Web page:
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Chain Reaction

sok_ribbon.png Like many parents, I scan packaging for BPA-free labels and run my sunscreen picks by the Environmental Working Group. But a November 2012 study on environmental toxins has me thinking about how little control we really have over such things. The research, published in Environmental Health Perspectives, found that higher levels of certain man-made chemicals could reduce a couple’s fertility by up to 29 percent. Many of the culpable chemicals, though, are not the ones we can pinpoint in the supermarket aisle. They circulate through our bodies even though they were banned long ago.

The Longitudinal Investigation of Fertility and the Environment (LIFE) Study— the most comprehensive to date — tracked 501 couples who had stopped using birth control with the intention of getting pregnant. The men and women kept diaries of their lifestyle habits (such as smoking), and their baby-making attempts until they got pregnant or until one year had lapsed. Researchers measured and analyzed both partners’ exposure to an array of chemicals through urine and blood samples.

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8 ways to make coping with infertility easier — Devan McGuinness

Sure enough, certain chemicals were associated with taking a longer time to get pregnant. In women, the well-known and long-banned polychlorinated biphenyls (PCBs) were linked to delayed pregnancy. PCBs are man-made organic chemicals that have a reputation for toxicity and were forbidden in 1979. For decades before that year (starting in 1929) though, they were used in plastics, paints, rubber products, pigments, paper, electrical equipment, and more. Even though PCBs aren’t used now, they linger in old materials. Because they don’t break down easily, they cycle between air, water, and soil; travel far distances; and accumulate in animals like fish. Women with higher levels of another class of chemicals — perfluorochemicals (PFCs), which have been used for fire resistance, non-stick surfaces, electronics and textiles — also had longer wait times for getting pregnant. Some PFCs are being phased out, but they too have staying power in the environment.

In the LIFE study, would-be dads seem to play an even bigger role than moms: their chemical exposure showed a stronger relationship to delayed pregnancy than women’s. We know from recent research that men’s health strongly influences fertility and child development— it’s an emerging theme that is changing the way we see dad’s role in shaping his future offspring.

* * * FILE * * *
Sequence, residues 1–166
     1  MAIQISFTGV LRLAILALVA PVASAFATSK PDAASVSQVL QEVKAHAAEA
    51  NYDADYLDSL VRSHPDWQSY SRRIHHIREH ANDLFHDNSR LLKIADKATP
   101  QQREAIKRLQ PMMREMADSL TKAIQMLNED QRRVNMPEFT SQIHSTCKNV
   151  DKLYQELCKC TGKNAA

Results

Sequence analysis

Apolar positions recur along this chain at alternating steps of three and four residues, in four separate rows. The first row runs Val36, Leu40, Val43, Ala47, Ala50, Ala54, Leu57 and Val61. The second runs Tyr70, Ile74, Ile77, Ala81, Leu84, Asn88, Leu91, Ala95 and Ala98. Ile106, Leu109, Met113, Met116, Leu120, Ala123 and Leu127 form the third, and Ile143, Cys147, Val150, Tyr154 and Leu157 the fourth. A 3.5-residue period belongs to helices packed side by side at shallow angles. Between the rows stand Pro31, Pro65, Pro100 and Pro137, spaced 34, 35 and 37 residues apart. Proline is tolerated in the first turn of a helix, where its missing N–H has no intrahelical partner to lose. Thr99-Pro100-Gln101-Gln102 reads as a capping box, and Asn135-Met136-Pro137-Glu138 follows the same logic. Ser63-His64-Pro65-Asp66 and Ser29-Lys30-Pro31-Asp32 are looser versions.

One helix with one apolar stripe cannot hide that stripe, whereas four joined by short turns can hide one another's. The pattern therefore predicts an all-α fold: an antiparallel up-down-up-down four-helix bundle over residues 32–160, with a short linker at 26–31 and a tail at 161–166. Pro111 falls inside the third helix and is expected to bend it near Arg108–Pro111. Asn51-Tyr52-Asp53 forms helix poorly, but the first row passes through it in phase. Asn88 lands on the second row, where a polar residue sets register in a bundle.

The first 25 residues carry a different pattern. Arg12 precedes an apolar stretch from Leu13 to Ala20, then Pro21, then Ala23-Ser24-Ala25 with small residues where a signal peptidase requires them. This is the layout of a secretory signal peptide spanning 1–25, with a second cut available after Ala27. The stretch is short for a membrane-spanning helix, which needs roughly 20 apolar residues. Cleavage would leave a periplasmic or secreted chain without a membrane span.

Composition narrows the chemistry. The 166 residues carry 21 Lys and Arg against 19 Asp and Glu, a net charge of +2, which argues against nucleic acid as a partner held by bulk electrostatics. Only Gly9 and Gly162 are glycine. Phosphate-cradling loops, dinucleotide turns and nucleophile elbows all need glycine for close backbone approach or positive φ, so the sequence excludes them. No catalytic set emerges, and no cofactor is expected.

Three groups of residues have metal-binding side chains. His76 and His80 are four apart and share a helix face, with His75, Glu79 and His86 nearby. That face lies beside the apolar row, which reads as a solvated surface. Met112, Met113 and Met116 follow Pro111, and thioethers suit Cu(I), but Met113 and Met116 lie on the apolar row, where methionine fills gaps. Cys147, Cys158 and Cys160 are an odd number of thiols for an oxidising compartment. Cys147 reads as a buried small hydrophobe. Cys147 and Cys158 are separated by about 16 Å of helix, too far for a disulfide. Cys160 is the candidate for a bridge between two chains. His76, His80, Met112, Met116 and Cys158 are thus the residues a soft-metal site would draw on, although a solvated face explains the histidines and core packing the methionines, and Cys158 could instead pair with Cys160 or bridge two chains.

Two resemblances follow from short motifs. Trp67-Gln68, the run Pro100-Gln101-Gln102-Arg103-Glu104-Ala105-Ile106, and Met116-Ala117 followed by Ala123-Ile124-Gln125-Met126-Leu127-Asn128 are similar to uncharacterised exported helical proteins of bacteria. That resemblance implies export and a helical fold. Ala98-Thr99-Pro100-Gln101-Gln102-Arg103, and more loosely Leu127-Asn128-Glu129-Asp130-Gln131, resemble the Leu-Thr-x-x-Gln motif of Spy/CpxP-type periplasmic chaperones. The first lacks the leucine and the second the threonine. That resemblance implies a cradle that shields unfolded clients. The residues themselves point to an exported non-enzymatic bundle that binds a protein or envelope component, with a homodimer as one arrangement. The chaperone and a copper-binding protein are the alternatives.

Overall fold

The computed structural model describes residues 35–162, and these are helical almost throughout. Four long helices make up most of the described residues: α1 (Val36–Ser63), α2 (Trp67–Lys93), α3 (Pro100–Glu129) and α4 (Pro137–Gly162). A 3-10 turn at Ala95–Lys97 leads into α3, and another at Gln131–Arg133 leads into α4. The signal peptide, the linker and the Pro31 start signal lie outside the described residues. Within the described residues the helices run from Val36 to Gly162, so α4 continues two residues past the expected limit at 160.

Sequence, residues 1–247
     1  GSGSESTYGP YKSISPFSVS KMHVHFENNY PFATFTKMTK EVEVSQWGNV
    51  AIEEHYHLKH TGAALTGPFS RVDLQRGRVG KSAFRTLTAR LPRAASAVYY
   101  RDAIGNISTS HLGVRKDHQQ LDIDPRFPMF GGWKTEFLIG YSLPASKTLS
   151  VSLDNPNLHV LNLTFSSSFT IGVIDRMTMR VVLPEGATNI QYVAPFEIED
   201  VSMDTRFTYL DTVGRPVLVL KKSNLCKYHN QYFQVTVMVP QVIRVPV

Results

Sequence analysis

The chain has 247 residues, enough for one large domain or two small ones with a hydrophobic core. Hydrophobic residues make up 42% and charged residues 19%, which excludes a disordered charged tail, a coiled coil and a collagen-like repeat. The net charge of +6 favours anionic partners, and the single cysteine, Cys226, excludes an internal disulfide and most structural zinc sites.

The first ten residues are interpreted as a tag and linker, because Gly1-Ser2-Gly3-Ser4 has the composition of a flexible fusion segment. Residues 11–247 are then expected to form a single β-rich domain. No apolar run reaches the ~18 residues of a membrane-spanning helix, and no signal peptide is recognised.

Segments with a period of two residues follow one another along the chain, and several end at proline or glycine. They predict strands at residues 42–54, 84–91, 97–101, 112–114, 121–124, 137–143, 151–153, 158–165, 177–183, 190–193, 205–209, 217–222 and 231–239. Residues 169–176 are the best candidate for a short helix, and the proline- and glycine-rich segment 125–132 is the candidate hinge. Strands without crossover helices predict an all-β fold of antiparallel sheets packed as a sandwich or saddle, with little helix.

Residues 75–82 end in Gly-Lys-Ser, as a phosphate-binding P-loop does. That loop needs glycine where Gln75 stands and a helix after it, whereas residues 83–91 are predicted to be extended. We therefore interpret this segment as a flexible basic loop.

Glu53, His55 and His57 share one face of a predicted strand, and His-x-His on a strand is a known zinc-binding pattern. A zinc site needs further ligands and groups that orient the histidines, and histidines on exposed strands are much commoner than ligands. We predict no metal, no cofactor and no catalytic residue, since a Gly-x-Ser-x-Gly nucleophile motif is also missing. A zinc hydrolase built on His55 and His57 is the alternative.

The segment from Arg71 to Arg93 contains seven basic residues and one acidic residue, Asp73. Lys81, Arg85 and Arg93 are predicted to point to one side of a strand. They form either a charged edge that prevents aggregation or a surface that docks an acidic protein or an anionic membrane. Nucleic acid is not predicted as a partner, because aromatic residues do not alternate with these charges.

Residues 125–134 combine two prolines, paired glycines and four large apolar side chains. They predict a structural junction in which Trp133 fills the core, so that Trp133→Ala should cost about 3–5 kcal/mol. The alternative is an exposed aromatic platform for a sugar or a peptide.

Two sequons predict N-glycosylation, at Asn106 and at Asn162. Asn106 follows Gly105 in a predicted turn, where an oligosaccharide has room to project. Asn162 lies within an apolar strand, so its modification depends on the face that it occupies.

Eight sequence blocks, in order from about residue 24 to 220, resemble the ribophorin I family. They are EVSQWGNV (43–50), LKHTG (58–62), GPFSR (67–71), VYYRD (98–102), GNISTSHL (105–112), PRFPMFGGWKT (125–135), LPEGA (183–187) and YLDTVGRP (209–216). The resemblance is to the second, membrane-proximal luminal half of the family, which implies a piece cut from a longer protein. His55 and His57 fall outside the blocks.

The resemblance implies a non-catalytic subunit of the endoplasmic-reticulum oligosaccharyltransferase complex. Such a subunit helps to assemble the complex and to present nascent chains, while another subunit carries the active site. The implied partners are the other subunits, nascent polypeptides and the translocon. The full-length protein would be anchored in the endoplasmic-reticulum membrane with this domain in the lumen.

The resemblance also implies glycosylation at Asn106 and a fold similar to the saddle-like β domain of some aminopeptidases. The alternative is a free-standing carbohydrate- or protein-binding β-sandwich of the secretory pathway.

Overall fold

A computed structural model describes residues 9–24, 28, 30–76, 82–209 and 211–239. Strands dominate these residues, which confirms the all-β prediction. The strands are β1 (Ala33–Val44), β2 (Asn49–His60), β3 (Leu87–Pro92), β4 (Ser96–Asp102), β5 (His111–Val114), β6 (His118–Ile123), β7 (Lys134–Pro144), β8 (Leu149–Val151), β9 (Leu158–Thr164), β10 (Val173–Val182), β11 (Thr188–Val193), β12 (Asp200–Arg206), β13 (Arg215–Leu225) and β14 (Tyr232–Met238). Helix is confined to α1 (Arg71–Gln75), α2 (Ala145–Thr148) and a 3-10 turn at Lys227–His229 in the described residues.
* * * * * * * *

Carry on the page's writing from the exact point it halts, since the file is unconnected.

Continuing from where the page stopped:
Men’s fertility had a similar relationship to PCBs, as well as the chemical DDE (a substance that’s produced when the pesticide DDT degrades). DDT hasn’t been used since 1973, and animal research has showed a connection with neurological problems, cancer, and reproductive effects. Both DDT and DDE remain in the environment and DDT is still used in other parts of the world.

In other words, some of the most toxic chemicals we’re exposed to aren’t exactly avoidable. The Environmental Protection Agency calls them “persistent, bioaccumulative, and toxic” and has programs in place to eliminate them from the environment slowly over time. Here’s a quick breakdown of ways we can be exposed to PCBs:

  • Contaminated fish and shellfish (farmed salmon has been found to have roughly 10 times more contaminants than wild salmon or other types of fish, for example)
  • Infants through breast milk (due to mom’s exposure)
  • All people through regular milk, meat, and by-products thereof
  • Breathing in buildings with old electrical equipment.

We’re exposed to DDT through:

  • Fish
  • Breast milk
  • Imported foods
  • Foods grown in contaminated soil.

Researchers don’t know exactly why these chemicals affect fertility, but they’re thought to be “endocrine-disrupting chemicals” that alter reproductive hormones. To limit our run-ins with endocrine disruptors, the National Resources Defense Council suggests things like buying organic food when possible, avoiding pesticides, limiting farmed fish, and not heating or storing food in plastic containers.

While the EPA works on chipping away at stubborn toxins, I’ll carry this information with me (eying farmed salmon suspiciously and splurging on the wild variety, since I’m breastfeeding and have little ones in the house), but try not to get overwhelmed. Talk of chemicals and dramatic headlines can make you crazy, but it’s important to remember that even though research shows associations, it can’t pinpoint how an individual couple would be affected, if at all. How the environment affects our families is highly complex and individual — read your labels when you can and try to let the rest go.

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